It was in my genes; I was destined to become a chemical engineer!
My father, Reg Scott, graduated from The University of Sydney in 1938 with a Bachelor of Science degree. He started his career as a research chemist with Timbrol Ltd, Australia’s first chemicals company and then in 1941 he was recruited by Monsanto Chemicals (Australia) Ltd to work on the manufacture of “sulpha” drugs, the wonder drug against dysentery, used with good effect by the Australian army in Papua New Guinea during WW2.
My father continued with Monsanto for 25 years, during which time he changed professional direction in becoming a chartered chemical engineer and progressed to Head of Engineering and then to Director of Manufacturing. His years at Monsanto corresponded with my formative years at school. I was always keen on the STEM subjects, but it was the intrigue of my father’s work with new build and existing operating chemical plants plus the occasional weekend visit with Dad to the Plant that set me on a course to follow in his footsteps!
Reg Scott was a staunch supporter of engineering education, serving on the Council of the Royal Melbourne Institute of Technology for 20 years, Honorary Treasurer for 5 years and President for 2 years. He was also on the Board of the Faculty of Engineering at the University of Melbourne for several years and was chair of several other Victorian government / industry bodies and private companies. He was recommended for an Order of Australia, but unfortunately died before the Award was to be conferred.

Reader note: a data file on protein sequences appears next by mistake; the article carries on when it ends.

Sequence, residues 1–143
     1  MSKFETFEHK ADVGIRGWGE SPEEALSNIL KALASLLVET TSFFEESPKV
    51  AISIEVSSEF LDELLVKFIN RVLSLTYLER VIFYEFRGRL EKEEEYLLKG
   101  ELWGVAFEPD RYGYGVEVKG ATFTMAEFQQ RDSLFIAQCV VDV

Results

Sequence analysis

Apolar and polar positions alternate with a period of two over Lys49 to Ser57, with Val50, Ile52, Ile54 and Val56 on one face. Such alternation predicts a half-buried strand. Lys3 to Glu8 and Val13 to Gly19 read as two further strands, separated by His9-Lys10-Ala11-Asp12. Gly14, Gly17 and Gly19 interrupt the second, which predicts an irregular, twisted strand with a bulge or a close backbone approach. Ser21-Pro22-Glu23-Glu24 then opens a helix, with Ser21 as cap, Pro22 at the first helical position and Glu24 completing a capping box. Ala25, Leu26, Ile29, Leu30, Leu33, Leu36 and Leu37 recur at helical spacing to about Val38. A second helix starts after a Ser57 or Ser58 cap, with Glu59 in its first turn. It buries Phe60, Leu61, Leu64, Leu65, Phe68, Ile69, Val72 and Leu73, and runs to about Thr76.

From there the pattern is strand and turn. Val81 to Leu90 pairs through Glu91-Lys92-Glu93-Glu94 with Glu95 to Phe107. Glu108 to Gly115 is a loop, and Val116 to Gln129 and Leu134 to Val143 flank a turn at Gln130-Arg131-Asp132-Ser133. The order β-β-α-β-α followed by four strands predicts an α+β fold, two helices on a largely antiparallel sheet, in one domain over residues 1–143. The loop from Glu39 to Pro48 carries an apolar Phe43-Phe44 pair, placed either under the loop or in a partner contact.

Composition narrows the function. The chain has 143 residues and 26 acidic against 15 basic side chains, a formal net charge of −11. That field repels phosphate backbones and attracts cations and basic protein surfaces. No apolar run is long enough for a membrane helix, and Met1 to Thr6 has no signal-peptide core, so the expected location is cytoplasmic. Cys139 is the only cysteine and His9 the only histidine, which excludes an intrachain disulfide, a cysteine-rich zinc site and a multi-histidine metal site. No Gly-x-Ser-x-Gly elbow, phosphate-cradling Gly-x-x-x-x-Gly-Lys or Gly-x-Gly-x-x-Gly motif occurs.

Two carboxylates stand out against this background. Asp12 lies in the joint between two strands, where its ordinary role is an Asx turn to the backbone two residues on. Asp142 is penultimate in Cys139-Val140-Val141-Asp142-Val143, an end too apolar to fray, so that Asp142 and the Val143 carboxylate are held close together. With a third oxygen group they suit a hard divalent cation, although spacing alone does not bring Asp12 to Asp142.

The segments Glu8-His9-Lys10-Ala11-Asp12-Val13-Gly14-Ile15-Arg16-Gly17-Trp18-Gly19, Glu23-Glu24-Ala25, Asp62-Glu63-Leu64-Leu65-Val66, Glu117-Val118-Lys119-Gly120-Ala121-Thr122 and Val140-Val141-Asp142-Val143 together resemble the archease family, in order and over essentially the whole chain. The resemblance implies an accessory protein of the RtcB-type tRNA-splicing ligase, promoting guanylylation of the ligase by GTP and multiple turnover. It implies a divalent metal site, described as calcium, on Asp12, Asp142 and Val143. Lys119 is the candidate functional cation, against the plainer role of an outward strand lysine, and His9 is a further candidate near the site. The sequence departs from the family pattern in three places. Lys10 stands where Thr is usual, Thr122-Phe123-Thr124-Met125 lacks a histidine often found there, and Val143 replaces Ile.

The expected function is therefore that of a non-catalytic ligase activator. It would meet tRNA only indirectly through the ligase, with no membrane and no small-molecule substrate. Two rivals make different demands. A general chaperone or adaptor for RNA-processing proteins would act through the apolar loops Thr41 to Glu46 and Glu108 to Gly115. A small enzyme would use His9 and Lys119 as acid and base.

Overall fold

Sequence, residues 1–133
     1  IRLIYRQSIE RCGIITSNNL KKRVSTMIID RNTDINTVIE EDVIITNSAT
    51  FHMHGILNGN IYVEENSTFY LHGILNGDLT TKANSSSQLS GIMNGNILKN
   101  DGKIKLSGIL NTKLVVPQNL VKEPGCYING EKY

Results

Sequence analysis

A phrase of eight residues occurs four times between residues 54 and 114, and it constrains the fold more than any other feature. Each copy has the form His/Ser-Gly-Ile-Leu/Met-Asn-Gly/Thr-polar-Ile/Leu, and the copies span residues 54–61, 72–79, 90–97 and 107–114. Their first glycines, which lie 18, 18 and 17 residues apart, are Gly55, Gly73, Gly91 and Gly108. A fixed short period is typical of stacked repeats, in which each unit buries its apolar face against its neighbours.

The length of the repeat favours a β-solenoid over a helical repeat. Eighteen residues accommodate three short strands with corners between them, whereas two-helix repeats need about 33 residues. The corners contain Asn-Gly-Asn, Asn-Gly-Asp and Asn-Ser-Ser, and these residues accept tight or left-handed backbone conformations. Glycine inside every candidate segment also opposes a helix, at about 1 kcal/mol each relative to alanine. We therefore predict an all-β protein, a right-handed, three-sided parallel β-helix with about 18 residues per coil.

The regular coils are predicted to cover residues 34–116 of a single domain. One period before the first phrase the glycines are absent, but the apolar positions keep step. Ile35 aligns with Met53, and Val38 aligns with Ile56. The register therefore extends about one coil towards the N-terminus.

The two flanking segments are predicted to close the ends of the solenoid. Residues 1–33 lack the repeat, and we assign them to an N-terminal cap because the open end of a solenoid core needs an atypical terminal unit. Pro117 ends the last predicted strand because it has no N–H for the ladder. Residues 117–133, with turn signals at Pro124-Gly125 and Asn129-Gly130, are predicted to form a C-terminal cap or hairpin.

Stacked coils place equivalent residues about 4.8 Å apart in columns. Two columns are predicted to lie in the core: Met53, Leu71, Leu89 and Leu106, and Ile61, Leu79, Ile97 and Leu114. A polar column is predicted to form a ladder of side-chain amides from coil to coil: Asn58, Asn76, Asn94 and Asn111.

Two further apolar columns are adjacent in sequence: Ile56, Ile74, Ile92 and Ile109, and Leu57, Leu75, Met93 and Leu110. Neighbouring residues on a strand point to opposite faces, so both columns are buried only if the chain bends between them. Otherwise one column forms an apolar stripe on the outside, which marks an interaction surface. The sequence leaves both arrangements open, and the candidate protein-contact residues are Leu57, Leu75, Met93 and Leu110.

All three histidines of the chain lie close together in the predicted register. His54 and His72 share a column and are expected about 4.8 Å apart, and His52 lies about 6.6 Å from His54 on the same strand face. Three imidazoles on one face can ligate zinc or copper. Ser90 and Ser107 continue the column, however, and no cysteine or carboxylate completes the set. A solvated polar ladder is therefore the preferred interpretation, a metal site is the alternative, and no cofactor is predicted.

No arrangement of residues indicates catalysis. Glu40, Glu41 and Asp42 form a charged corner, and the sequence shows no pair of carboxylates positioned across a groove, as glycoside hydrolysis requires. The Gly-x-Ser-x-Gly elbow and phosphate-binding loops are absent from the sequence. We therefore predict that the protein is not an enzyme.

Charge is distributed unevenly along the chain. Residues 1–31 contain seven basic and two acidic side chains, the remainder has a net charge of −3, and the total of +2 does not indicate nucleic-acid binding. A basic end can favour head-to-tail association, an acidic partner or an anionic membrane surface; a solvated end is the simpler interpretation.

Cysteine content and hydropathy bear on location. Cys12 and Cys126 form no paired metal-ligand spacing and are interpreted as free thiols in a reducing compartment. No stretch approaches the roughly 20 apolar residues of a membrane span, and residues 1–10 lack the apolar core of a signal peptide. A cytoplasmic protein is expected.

In the company of luminaries including Professors Pratt, Prince and Potter, my father was a founding member of the Australian National Committee of the Institution of Chemical Engineers in 1967, the precursor to IChemE in Australia. My father succeeded Clive Pratt as the second chair in 1971.
It was with the encouragement of my Father that I became a member of IChemE and joined the Victorian Committee as the Graduate Representative. That was the start of my long journey with IChemE.
Regrettably, my father died suddenly in 1987 but he did see the early part of my career and was instrumental in a change of direction that I enjoyed for the remainder of my career. Unfortunately, he was not around for my time on IChemE Council, but I know he would have been proud of my involvement.
Although many have supported and mentored me throughout my career, it was the inspiration of my Father that set me on the path to a profession and a career that has been entirely rewarding.
The genes are obviously strong as my son is enjoying a career as a chemical engineer and is also a Fellow of IChemE and his son, my grandson, in his penultimate year at school has chosen to pursue a career as a chemical engineer.
My father will never know how far his inspiration has reached!
This story has been contributed by Past President Russell Scott